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In developed areas, campfires are only permitted in Forest Service constructed permanent cement or metal fire rings. A pallet closure has been signed which prohibits any firewood material containing nails, screws, or other metal hardware on the forest.
Many people enjoy the solitude and primitive experience of camping away from developed campgrounds and other campers. Dispersed camping is the term used for camping anywhere in the National Forest outside of a designated campground. Dispersed camping means no toilets, no treated water, and no fire grates are provided.
Camping in dispersed areas on the Forest is allowed for fourteen (14) days in any thirty (30) day consecutive period. Campers must move off Forest after reaching the 14-day limit. The stay limit also applies to all camping equipment (tents, chairs, ATVs, ATV trailers, etc.), even if used by a different person or group. Camping equipment must be removed by the end of the fourteen (14) day stay limit or the equipment may be impounded. Stay limits are implemented to reduce impacts to vegetation and wildlife habitat, as well as provide access to popular campsite areas for other visitors.
There are extra responsibilities and skills that are necessary for dispersed camping. It's your responsibility to know these before you try this new experience.
- In most areas, dispersed camping is allowed up to 150 feet from a designated Forest Service Road, with some exceptions. Exceptions are based on protection of resources that may include water quality, soil conditions, and wildlife & fish habitat.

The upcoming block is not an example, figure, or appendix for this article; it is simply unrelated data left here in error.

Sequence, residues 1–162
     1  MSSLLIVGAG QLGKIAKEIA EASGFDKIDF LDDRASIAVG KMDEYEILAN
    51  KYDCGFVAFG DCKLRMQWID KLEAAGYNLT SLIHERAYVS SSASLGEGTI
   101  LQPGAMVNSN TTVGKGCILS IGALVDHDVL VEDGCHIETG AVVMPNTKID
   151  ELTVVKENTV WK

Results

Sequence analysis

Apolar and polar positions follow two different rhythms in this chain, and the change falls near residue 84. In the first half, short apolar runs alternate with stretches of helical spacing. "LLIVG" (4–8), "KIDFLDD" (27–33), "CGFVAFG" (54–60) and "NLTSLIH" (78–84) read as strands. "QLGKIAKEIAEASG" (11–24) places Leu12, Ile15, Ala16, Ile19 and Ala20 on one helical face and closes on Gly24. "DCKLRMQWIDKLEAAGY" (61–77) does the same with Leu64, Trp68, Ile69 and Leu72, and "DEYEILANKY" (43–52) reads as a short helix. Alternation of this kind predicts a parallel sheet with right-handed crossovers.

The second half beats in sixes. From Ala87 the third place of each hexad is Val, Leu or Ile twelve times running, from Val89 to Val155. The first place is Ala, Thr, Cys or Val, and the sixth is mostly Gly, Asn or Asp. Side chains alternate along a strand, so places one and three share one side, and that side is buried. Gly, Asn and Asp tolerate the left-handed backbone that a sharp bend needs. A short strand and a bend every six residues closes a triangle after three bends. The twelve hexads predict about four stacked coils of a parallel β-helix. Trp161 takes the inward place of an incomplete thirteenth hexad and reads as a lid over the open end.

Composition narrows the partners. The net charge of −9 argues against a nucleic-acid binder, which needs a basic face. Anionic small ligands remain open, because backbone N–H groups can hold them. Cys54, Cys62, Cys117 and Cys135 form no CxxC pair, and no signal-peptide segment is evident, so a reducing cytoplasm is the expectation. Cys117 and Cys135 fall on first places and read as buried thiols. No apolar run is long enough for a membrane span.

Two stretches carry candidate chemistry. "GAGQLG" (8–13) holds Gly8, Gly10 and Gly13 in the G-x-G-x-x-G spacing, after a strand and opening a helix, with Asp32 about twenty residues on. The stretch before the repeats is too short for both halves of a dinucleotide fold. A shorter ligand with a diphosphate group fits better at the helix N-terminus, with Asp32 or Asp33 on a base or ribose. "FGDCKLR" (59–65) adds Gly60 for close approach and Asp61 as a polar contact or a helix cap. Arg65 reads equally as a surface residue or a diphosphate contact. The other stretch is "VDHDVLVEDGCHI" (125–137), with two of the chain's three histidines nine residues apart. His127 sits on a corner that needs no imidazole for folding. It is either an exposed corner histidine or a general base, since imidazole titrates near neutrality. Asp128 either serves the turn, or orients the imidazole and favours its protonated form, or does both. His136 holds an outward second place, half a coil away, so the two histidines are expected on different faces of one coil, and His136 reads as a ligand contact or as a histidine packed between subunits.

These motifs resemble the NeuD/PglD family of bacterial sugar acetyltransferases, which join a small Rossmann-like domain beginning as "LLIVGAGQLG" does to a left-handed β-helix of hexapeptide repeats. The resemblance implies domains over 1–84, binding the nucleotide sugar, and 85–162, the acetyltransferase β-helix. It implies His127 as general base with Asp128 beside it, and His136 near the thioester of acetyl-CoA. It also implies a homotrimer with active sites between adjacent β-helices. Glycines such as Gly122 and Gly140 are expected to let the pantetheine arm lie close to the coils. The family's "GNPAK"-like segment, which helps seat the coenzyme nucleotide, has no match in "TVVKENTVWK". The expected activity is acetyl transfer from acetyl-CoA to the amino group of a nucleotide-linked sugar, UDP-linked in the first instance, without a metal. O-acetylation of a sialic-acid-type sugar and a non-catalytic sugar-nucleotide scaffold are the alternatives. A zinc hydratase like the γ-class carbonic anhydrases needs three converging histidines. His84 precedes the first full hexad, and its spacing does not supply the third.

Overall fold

- No Dispersed camping within 100 feet of water (we recommend 200 feet).
- No dispersed camping where topography or existing vegetation limits vehicle travel (e.g. steep terrain, trees, brush).
- No dispersed camping within wet meadows or in saturated soil conditions. In these areas, walk-in tent camping and picnicking are allowed, however vehicle travel into these areas may be restricted. The public is asked to use existing pull-outs off the main road and walk in to take advantage of these areas that help provide clean water, productive soils, and habitats for fish and wildlife.
Forest users can obtain Motor Vehicle Use Maps (MVUM’s), that show where dispersed camping is allowed and roads and trails that are designated open to motorized vehicles
Local areas where dispersed camping is not allowed, but where day use activities such as picnicking, fishing, swimming, etc., are allowed include:
- No dispersed camping on the east side of Strawberry Road
- No dispersed camping in the lower half of Diamond Fork Canyon
- No dispersed camping in the lower half of the Right Fork of Hobble Creek Canyon.
- No dispersed camping in the lower half of American Fork Canyon.
More information on dispersed camping.